This was the first major pitched battle to be won by Owain. An Anglo-Flemish force of one thousand five hundred men was raised to counter the threat posed by Owain. The two forces met on Hyddgen Mountain, a stretch of boggy peat moorland on the southern flanks of the Plynlimmon range in mid-Wales in early June 1401.
There is considerable disagreement amongst historians about the strength of the Welsh force, but there is general agreement that Owain’s force was considerably smaller than the enemy’s. Recent research suggests that this was a phased encounter consisting of at least two engagements. A substantial proportion of Owain’s men were mounted and the infantry were skilled archers and these twin assets were used to deadly effect, securing a spectacular victory. Mass graves have been discovered in the area at Bryn y Beddau (Hill of Graves), Mynydd Bychan and Nant y Moch.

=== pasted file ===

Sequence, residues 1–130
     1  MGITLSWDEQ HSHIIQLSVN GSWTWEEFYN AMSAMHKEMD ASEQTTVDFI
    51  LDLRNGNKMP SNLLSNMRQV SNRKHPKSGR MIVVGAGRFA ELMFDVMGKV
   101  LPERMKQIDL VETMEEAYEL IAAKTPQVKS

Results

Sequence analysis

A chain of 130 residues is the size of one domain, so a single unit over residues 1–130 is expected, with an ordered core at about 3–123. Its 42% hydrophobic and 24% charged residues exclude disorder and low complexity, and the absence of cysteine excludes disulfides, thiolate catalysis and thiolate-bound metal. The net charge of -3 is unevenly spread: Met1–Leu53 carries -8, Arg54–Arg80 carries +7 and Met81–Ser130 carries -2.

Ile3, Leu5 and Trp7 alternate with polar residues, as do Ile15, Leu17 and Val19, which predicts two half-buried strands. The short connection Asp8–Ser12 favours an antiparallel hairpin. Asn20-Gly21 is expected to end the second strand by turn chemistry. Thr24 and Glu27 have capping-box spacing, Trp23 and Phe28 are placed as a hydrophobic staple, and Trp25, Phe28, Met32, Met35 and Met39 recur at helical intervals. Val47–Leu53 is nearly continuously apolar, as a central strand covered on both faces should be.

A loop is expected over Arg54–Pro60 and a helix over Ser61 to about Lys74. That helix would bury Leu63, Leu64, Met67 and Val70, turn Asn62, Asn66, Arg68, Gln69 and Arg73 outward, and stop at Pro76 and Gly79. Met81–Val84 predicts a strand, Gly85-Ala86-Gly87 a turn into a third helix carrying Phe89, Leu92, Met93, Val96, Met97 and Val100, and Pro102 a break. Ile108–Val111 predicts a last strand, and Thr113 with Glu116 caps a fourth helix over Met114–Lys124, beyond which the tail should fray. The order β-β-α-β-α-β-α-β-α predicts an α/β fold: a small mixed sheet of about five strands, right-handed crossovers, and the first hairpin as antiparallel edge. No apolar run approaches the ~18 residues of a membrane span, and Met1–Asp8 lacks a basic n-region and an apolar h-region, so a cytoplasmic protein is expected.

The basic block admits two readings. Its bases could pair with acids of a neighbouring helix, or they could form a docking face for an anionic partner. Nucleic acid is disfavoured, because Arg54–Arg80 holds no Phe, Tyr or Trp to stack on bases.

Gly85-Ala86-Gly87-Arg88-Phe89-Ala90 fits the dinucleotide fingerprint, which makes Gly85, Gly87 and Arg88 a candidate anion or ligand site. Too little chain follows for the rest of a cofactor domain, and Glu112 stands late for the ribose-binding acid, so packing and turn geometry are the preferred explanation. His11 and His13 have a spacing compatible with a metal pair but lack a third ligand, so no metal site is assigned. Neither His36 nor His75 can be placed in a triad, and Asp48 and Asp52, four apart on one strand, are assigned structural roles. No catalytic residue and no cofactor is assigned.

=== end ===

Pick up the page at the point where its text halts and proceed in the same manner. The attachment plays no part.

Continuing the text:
This victory enhanced Owain’s reputation and was more effective than a legion of recruiting sergeants in encouraging enlistment.
Cofiwn Memorial Stone at Hyddgen
Statue of Owain Glyn Dŵr - Corwen
Photograph - Allen Baines